# Homework Help: Fundamental Theorem of Arithmetic

1. Feb 15, 2010

### tarheelborn

1. The problem statement, all variables and given/known data
Using the Fundamental Theorem of Arithmetic, prove that every positive integer can be written uniquely as a power of 2 and an odd number.

2. Relevant equations

3. The attempt at a solution
Since the FTOA states that any integer can be written as a product of primes, then it seems that any positive integer can be of the form 2^i*p^j, where p is a prime <> 2. But to get 1, I would have to have 2^0*p*0 and I'm not sure if that would work.

2. Feb 15, 2010

### Hurkyl

Staff Emeritus
Even 15?

P.S. have you tried specific examples, rather than trying to prove it for everything right off the bat?

3. Feb 15, 2010

### tarheelborn

Initially, I had worked this problem so that I was dealing with two cases, evens and odds. I came up with even integers = 2^0+(n-1) and odd integers = 2^1+(n-2). Hence 15 would equal 2+(15-2)=2+13. But I couldn't work that into a proof using FTOA. I am not sure whether I should try to multipy or add/subtract the odd number.

4. Feb 15, 2010

### Hurkyl

Staff Emeritus
For some reason, I was sure the problem you wrote said "sum". Of course, the problem cannot be right in that case (you could use 4 as your power of 2, instead of 2, and get two different answers)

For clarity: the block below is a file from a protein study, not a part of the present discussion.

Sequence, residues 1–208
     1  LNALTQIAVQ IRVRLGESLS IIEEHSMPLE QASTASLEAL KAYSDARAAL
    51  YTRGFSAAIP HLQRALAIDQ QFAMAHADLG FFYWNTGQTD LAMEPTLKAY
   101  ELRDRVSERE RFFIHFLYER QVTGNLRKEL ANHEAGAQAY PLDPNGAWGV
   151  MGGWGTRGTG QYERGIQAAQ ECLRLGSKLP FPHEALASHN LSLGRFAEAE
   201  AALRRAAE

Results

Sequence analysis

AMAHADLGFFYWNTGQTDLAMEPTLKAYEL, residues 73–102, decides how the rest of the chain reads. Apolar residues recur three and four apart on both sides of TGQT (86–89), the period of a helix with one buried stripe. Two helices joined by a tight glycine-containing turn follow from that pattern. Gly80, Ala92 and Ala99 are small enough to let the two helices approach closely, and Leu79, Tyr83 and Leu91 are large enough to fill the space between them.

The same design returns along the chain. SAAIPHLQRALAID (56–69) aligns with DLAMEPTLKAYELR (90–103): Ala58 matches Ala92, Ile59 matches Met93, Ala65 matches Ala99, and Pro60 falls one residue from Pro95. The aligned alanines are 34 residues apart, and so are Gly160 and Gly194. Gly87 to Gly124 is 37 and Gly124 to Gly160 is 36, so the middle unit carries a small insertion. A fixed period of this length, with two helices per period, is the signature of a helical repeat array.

If the problem said "product", then the representation is unique -- and it's a useful representation I've seen in actual application -- so that's probably what it meant.

5. Feb 15, 2010

### tarheelborn

Actually, it didn't say either product or sum. It simply said that every positive integer can be written "uniquely as a power of 2 and an odd number." I believe it will have to be a product, so I will try developing a pattern as you suggested with actual numbers. I may be back, however! Thank you.

6. Feb 15, 2010

### tarheelborn

The odd numbers seem to be working out nicely to 2^0 * n, but I am having trouble coming up with a pattern for the even numbers. Any ideas that could nudge along my thinking? Thank you.

7. Feb 15, 2010

### Hurkyl

Staff Emeritus
If you can't figure out all even numbers, how about some of them?

8. Feb 15, 2010

### tarheelborn

OK. I have the following (sometimes I feel really dense and this is certainly one of those times!) list:

2=2^1*1
4=2^2*1
6=2^1*3
8=2^3*1
10=2^1*5
12=2^2*3
14=2^1*7

So it seems like every other one (starting with 2) is 2^1 * (n/2). I don't see a pattern in the others.

9. Feb 15, 2010

### e(ho0n3

Keep in mind that 2^0 is a power of 2.

10. Feb 15, 2010

### tarheelborn

So, using the Fundamental Theorem of Arithmetic would I be able to say that any integer can be written as a product of primes, implying that any integer can be written as 2^i * 3^j * 5^k... and then take out the power of 2 so that said integer can be written as 2*(3^j * 5^k...), where j, k >=0. With 2 out of the picture, the other elements of the product would be odd and odd numbers multiplied by odd numbers give odd numbers, so it is proved.

Is that where I need to go? Thanks so much for your help!